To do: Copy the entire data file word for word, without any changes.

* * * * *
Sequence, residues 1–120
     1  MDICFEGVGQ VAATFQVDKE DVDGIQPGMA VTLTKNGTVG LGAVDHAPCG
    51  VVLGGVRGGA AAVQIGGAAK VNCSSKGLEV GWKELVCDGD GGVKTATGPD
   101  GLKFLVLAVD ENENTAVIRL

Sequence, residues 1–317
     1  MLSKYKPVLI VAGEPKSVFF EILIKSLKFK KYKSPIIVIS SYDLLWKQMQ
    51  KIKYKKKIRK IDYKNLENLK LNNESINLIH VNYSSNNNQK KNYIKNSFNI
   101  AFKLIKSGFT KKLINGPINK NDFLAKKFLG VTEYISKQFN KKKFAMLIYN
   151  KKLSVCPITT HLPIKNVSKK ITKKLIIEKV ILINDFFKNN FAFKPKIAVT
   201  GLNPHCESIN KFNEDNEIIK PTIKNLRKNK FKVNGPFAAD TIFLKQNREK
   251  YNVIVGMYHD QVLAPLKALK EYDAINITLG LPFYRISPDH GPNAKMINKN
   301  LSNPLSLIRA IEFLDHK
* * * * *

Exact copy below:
Sequence, residues 1–120
     1  MDICFEGVGQ VAATFQVDKE DVDGIQPGMA VTLTKNGTVG LGAVDHAPCG
    51  VVLGGVRGGA AAVQIGGAAK VNCSSKGLEV GWKELVCDGD GGVKTATGPD
   101  GLKFLVLAVD ENENTAVIRL

Sequence, residues 1–317
     1  MLSKYKPVLI VAGEPKSVFF EILIKSLKFK KYKSPIIVIS SYDLLWKQMQ
    51  KIKYKKKIRK IDYKNLENLK LNNESINLIH VNYSSNNNQK KNYIKNSFNI
   101  AFKLIKSGFT KKLINGPINK NDFLAKKFLG VTEYISKQFN KKKFAMLIYN
   151  KKLSVCPITT HLPIKNVSKK ITKKLIIEKV ILINDFFKNN FAFKPKIAVT
   201  GLNPHCESIN KFNEDNEIIK PTIKNLRKNK FKVNGPFAAD TIFLKQNREK
   251  YNVIVGMYHD QVLAPLKALK EYDAINITLG LPFYRISPDH GPNAKMINKN
   301  LSNPLSLIRA IEFLDHK